The inconvenient virtue of the British Empire

The inconvenient virtue of the British Empire. By Matthew Stratton.

Britain is a small country, slightly larger than Victoria [Australia], yet its people ventured to all ends of the globe establishing an empire ‘compris[ing] nearly one-quarter of the world’s land surface and more than one-quarter of its total population’ on which the sun never set by a mere population of 32 million people. By any measure, it is a truly extraordinary feat.

The British Empire provided for their conquered lands. The British spread the English language, the lingua franca of the world. …

The British also left a legal system to protect victims and enforce contracts –- the bedrock and necessary requirement of any democracy. The British spread the virtues of the Christian faith around the globe, giving their peoples a hope of salvation after death.

Put more bluntly in the words of Monty Python, ‘But apart from the language, the legal system, God, medicine, public health, and the roads, what has the Empire ever done for us?’

White Christians abolished slavery — for the whole world:

And of course, there was arguably mankind’s greatest achievement: the costly and forceful ending of slavery in the Empire. The Slavery Abolition Act of 1833, after the waving of King William IV’s pen, made the sale and ownership of slaves illegal in the Empire, the cost of which to the public purse was extraordinary. King William’s government paid ‘£20 million to fund the Slavery Abolition Act 1833 [which] was equivalent to approximately 40 per cent of the Government’s total annual expenditure’. A sum so great that it was only fully repaid in 2015 meaning that in our lifetime, the British were still paying to end slavery.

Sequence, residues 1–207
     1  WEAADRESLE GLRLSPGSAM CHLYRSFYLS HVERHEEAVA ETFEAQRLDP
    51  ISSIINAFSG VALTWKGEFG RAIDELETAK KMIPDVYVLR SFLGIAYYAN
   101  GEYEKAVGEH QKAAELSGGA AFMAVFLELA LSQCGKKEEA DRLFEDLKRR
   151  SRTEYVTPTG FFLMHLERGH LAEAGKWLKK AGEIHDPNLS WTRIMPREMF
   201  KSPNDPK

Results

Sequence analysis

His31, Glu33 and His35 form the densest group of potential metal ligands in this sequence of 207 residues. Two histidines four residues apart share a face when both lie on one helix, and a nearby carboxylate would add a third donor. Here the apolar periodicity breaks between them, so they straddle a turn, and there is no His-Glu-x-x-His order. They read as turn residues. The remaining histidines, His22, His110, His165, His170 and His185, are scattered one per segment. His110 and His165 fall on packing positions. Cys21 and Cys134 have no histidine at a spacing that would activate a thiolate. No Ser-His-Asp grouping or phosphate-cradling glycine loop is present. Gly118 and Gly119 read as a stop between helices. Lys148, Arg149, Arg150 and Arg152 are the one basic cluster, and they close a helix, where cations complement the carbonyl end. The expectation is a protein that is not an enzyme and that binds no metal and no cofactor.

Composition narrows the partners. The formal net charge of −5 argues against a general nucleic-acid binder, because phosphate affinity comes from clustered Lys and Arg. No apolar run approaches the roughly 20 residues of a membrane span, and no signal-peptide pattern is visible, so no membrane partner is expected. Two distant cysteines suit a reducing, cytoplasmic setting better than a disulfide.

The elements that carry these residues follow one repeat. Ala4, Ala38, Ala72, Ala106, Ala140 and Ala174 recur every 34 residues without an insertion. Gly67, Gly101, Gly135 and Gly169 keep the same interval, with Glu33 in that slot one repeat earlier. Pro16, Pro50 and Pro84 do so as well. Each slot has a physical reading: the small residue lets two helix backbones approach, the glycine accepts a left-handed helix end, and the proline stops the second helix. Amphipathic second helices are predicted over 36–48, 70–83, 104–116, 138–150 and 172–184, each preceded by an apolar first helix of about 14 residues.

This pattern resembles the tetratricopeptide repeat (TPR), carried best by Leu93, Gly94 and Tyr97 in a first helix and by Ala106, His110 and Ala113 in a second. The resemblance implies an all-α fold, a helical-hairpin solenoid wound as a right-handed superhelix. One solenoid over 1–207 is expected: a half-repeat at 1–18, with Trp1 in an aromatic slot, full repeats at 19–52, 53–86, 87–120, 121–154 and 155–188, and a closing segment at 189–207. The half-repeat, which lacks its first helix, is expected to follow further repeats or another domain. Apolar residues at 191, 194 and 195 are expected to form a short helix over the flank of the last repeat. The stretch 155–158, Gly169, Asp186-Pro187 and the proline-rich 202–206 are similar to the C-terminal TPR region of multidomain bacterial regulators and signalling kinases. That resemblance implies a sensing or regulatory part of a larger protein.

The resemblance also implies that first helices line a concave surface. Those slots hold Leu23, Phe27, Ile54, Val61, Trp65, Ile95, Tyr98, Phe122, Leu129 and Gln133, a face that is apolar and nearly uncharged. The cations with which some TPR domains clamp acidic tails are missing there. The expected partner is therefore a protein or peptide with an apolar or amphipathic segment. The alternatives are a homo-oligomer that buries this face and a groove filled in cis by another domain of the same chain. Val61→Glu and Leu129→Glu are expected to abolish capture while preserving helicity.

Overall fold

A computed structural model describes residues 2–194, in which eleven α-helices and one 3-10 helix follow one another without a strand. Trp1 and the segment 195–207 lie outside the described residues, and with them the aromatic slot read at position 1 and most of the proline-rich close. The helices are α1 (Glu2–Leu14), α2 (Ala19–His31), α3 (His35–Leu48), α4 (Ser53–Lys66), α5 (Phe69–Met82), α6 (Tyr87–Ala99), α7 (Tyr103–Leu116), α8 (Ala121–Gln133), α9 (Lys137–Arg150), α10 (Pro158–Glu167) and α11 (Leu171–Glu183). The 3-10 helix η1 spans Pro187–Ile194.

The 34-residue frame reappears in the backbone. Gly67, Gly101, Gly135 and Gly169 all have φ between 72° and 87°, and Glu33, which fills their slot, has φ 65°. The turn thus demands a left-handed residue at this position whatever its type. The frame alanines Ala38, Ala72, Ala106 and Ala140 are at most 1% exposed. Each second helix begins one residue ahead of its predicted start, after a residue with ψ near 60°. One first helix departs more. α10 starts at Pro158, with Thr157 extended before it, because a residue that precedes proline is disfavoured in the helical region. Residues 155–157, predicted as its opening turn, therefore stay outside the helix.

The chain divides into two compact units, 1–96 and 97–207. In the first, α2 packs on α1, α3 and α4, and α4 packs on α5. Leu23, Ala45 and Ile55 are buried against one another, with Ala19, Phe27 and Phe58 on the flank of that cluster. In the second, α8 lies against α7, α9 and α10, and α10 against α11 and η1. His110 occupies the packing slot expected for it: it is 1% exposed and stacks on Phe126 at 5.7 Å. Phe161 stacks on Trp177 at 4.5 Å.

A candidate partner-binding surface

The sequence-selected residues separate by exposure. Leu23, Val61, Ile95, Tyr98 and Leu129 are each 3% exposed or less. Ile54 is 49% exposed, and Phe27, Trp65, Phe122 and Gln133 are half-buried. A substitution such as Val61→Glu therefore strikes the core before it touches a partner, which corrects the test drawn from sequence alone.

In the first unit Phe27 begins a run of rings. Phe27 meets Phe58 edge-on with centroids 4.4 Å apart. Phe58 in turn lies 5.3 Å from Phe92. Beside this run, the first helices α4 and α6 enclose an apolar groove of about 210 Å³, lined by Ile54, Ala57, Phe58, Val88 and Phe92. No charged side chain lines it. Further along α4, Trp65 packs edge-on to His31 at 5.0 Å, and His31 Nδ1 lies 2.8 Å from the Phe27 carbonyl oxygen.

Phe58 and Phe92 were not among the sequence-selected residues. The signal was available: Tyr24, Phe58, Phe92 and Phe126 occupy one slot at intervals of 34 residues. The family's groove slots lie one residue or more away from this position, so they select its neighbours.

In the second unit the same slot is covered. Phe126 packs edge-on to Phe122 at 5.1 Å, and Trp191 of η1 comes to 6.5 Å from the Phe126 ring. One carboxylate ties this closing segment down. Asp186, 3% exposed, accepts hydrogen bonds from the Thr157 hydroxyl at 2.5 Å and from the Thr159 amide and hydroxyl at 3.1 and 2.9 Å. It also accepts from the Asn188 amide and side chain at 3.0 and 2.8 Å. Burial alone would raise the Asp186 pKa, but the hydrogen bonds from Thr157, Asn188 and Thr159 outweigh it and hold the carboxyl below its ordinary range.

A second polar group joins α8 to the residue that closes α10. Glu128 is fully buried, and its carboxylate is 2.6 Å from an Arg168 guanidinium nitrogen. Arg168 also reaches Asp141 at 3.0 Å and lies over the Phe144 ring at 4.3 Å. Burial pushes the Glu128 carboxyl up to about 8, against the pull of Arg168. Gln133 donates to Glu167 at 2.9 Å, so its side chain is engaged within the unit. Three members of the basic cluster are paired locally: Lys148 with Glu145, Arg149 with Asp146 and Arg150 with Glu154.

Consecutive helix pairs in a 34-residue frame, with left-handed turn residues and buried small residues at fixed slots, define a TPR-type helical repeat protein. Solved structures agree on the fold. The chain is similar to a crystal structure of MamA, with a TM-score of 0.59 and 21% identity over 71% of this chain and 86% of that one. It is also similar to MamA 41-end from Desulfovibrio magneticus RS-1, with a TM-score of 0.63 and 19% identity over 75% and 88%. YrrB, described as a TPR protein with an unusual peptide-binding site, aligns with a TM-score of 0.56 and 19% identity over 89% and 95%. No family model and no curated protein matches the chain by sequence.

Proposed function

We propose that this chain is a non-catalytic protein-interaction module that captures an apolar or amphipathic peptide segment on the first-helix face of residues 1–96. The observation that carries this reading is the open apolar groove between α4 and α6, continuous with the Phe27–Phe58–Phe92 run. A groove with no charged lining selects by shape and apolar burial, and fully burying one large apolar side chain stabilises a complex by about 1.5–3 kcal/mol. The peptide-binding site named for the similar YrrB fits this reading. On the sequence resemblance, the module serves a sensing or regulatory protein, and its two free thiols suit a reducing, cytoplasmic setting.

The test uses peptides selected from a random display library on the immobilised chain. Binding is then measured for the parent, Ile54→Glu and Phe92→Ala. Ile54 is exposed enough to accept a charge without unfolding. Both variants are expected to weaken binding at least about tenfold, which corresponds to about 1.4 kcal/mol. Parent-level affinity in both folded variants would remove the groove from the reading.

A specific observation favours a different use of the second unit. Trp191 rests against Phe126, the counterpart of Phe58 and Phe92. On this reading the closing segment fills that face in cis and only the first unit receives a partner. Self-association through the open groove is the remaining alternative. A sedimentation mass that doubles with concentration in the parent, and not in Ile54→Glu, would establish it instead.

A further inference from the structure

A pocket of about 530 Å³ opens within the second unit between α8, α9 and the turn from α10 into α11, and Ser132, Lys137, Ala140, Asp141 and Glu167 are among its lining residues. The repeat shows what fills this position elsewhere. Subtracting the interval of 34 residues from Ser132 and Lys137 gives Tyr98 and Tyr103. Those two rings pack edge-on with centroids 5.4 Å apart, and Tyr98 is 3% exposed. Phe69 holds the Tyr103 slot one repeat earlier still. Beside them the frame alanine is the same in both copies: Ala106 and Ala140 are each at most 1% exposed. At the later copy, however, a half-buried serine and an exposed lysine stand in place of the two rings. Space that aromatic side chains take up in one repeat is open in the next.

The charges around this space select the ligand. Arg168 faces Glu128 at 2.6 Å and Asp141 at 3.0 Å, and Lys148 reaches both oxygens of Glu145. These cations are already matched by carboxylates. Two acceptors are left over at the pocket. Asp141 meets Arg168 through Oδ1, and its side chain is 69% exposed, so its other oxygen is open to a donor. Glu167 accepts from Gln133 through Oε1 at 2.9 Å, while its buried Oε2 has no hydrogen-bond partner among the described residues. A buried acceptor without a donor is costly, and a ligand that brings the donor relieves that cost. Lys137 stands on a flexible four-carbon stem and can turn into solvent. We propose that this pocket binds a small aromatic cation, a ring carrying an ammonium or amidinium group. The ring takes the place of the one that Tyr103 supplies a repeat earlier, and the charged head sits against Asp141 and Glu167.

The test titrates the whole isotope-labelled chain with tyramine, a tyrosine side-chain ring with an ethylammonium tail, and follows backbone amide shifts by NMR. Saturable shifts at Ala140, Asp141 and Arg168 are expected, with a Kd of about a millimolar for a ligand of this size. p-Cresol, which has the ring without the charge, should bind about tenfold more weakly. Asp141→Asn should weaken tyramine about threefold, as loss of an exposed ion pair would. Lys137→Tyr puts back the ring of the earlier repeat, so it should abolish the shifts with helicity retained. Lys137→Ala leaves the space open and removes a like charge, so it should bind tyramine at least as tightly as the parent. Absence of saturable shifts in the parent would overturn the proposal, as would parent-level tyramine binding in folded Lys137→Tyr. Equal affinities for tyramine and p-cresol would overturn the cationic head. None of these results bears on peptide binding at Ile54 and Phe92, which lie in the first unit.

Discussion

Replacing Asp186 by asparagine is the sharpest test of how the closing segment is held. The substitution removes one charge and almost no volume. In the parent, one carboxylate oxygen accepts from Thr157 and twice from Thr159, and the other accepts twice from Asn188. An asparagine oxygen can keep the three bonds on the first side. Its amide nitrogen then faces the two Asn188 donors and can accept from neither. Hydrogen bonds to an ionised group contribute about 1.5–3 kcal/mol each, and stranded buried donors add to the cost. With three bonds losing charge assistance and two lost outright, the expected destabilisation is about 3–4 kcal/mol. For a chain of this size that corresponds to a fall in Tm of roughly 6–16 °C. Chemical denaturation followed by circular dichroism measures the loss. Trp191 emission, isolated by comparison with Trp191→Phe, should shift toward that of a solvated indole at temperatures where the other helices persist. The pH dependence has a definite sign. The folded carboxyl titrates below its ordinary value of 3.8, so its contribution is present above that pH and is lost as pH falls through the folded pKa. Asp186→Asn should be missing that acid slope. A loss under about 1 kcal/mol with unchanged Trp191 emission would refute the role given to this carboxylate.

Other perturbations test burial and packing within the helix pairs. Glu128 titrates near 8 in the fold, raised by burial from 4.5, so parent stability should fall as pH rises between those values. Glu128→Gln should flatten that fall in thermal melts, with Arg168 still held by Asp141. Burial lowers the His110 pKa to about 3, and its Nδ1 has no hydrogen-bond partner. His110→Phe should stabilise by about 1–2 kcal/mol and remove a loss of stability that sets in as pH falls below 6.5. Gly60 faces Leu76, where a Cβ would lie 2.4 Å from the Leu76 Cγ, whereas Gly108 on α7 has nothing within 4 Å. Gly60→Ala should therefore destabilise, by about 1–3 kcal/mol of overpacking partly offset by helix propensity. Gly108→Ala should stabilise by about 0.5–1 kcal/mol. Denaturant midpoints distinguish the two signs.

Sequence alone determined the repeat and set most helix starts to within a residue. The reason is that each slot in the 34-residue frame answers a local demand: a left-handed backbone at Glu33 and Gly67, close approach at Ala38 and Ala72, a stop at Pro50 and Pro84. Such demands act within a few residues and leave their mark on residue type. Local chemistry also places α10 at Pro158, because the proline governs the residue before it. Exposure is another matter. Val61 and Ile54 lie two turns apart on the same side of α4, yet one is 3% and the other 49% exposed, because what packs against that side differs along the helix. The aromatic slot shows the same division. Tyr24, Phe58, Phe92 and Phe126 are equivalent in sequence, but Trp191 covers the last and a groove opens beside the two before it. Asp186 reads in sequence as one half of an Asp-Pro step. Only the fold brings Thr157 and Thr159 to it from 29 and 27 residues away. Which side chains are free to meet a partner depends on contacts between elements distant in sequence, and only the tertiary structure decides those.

In enforcing the ban on slavery to end the Atlantic slave trade, the British created the West African Squadron to patrol West Africa, the success of which cannot be overstated. ‘Between 1807 and 1860, the Royal Navy, West Africa Squadron seized approximately 1600 ships involved in the slave trade and freed 150,000 Africans who were aboard these vessels.’

In righting the wrongs of slavery, no country has paid so much in blood and treasure, and has been so committed to the ending of the practice than the British Empire. …

The best Empire for its subjects, perhaps ever:

This is enough to prove the value and glory of the British Empire alone, but we must also consider from what the British made their empire. Yes, through war and conquest like all empires, but from the dirt and sticks in faraway lands, armed only with their ingenuity and cunning made a modern society, and left achievements that the peoples before them could not even comprehend or achieve themselves.

The British Empire made the life of its subjects better, and it is a shame, not a celebration, that it is no longer with us today. The British built entire countries up from the ground in faraway lands and provided for the people because it was the right thing to do. Were it not for the British and for their Empire, the world would have been a much worse place. This is undeniable to any honest observer.

By natural selection, the British average IQ increased fairly rapidly from 1100 AD. By 1700 they started the industrial revolution, broke the Malthusian limit for the first time since the Garden of Eden, and “conquered” a quarter of the planet. But their average IQ has been dropping since 1880, and has now fallen over 15 points since that peak. They are dropping back to the pack now, nothing special once again.

hat-tip Stephen Neil